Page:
Wednesday, 23 March 2011
Budget sweeteners don't mean the Government has changed course
The Chancellor's rhetoric today lauded a 'Budget for jobs' and a 'budget for growth'. Which would have been nice.
In fact, what this really represented was a stand-still budget that held to the general course mapped out in last year's Comprehensive Spending Review, with a few sweeteners thrown in. Taxing oil companies to pay for an immediate small cut in fuel duty was smart politics - if not particularly advanced economics, since the price of those taxes will have to be passed onto consumers somewhere and at some time. Ministers have spent the day denying this, which strains credulity and is one reason why everyone in the Treasury should at least have some form of economics training.
As a historian, I'd compare it to James Callaghan's nautically-themed 'steady as she goes' Budget of 1967 - which ran the economy straight into devaluation when the Labour government of the time refused to accept the reality that the pound was overvalued. Instead of deflating more sharply, adopting selective interventions that might have helped the foreign balance, or indeed announcing an orderly revaluation of the pound, Callaghan shut his ears to all advice and tried to shout down the doubters. It didn't work. It never does.
Some of the measures announced today may indeed speed economic growth a little - a bit of tax simplification here, and some speeding up of the planning system there. From a micro-economic point of view, there's nothing wrong with that. Flat rate pensions may end the 'incentives trap' for people in their 50s - meaning that there's no point saving more, because your pension won't be topped up through the labyrithine Pension Credits system. Mind you, the sums involved won't be very generous whoever's in power. The Green Investment Bank, though shorn of some of the Liberal Democrats' more innovative ideas, is one hopeful sign that innovative thinking still goes on behind the Treasury's black door. More money must be welcome. Keynes' great biographer Lord Skidelsky recently called for a National Investment Bank that would leverage private sector spending and, though the examples of the 1960s Industrial Reorganisation Corporation is no recommendation, the Green Investment Bank may one day turn into such an institution.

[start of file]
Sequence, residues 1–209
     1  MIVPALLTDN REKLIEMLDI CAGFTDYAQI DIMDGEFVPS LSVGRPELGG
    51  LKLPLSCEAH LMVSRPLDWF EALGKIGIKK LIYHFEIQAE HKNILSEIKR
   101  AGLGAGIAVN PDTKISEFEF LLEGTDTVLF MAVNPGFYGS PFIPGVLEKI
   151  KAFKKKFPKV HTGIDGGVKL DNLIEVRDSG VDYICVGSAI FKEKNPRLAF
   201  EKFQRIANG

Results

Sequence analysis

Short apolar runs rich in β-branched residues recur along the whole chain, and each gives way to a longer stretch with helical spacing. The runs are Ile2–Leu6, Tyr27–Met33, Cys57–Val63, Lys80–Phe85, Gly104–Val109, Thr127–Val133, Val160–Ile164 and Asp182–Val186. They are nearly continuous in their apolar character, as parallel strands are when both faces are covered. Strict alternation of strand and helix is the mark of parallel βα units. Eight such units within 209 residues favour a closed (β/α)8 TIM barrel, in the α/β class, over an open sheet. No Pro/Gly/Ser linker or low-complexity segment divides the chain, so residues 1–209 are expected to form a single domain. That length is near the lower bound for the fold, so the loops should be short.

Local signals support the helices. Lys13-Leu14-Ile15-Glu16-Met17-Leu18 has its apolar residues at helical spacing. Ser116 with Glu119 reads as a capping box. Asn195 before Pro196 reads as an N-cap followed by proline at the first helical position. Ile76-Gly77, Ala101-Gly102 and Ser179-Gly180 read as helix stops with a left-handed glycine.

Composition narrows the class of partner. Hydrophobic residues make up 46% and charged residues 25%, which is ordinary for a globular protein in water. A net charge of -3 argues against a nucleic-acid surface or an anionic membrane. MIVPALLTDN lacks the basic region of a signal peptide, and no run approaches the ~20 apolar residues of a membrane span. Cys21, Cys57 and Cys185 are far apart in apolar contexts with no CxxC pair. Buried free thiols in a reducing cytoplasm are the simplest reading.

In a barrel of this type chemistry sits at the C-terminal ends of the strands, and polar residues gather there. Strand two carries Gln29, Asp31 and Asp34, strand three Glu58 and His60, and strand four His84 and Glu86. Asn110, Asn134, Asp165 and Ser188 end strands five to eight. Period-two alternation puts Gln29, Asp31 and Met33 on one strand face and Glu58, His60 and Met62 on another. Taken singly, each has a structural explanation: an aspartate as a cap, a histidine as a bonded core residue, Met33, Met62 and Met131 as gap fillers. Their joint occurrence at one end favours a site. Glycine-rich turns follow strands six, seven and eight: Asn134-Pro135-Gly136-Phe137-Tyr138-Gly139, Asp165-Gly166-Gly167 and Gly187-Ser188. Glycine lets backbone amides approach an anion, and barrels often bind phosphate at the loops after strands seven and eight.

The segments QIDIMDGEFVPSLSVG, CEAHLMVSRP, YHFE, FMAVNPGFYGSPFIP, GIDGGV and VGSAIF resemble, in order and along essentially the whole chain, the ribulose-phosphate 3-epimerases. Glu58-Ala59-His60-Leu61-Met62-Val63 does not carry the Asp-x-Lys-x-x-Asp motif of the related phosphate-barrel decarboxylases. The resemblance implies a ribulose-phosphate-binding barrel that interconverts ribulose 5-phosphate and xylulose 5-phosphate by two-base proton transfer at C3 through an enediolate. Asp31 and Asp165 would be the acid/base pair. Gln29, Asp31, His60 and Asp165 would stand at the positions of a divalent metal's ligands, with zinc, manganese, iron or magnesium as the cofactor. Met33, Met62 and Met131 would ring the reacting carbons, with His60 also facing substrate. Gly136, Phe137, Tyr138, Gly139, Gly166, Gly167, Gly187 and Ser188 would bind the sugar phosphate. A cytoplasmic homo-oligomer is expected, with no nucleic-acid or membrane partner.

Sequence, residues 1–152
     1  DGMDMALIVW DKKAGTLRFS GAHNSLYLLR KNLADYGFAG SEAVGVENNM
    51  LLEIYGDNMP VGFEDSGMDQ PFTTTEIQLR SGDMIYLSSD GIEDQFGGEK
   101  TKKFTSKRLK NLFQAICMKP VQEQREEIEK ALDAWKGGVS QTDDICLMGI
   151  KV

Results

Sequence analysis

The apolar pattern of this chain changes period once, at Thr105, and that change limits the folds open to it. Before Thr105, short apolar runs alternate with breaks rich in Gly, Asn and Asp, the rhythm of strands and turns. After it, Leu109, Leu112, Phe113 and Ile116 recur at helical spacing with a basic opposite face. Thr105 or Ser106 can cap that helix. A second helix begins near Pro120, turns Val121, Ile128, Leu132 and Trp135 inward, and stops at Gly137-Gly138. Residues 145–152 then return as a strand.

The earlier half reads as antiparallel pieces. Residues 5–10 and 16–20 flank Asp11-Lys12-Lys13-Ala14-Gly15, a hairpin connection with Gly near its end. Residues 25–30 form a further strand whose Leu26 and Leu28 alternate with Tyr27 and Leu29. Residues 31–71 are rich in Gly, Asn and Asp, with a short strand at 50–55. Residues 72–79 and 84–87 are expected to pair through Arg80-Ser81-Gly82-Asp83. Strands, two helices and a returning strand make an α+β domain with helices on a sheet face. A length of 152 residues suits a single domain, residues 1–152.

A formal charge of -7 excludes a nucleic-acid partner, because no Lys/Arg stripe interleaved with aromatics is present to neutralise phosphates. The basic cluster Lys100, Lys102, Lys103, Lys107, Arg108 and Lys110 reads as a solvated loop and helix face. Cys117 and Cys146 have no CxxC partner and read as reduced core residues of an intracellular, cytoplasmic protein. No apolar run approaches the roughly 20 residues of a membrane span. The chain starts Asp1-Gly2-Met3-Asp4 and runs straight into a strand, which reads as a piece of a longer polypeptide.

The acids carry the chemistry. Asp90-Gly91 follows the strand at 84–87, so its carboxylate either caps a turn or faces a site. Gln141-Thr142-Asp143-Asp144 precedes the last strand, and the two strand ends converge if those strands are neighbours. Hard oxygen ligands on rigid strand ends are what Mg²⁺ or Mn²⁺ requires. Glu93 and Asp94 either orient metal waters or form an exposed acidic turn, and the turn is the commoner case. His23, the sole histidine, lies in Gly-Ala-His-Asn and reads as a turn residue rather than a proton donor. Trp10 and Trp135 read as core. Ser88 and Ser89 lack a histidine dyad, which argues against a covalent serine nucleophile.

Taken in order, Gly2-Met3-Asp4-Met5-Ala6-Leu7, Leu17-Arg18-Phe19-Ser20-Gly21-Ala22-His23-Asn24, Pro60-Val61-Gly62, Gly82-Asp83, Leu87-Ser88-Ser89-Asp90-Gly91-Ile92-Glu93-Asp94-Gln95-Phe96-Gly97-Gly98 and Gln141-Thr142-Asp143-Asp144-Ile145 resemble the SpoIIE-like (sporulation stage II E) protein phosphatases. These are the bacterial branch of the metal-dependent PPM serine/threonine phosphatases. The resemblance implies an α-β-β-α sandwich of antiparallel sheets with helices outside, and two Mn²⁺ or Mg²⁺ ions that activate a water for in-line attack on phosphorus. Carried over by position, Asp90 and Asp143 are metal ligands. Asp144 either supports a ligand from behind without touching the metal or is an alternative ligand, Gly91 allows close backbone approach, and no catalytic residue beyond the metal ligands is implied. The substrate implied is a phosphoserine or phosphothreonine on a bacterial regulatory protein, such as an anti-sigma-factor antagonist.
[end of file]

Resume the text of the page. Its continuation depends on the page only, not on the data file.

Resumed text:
But the strategy, as opposed to the tactics, is still the same. It still involves ploughing straight into an iceberg-laden stretch of water with as much aplomb and as much speed as the Chancellor can muster. And it's still going to hurt. A lot.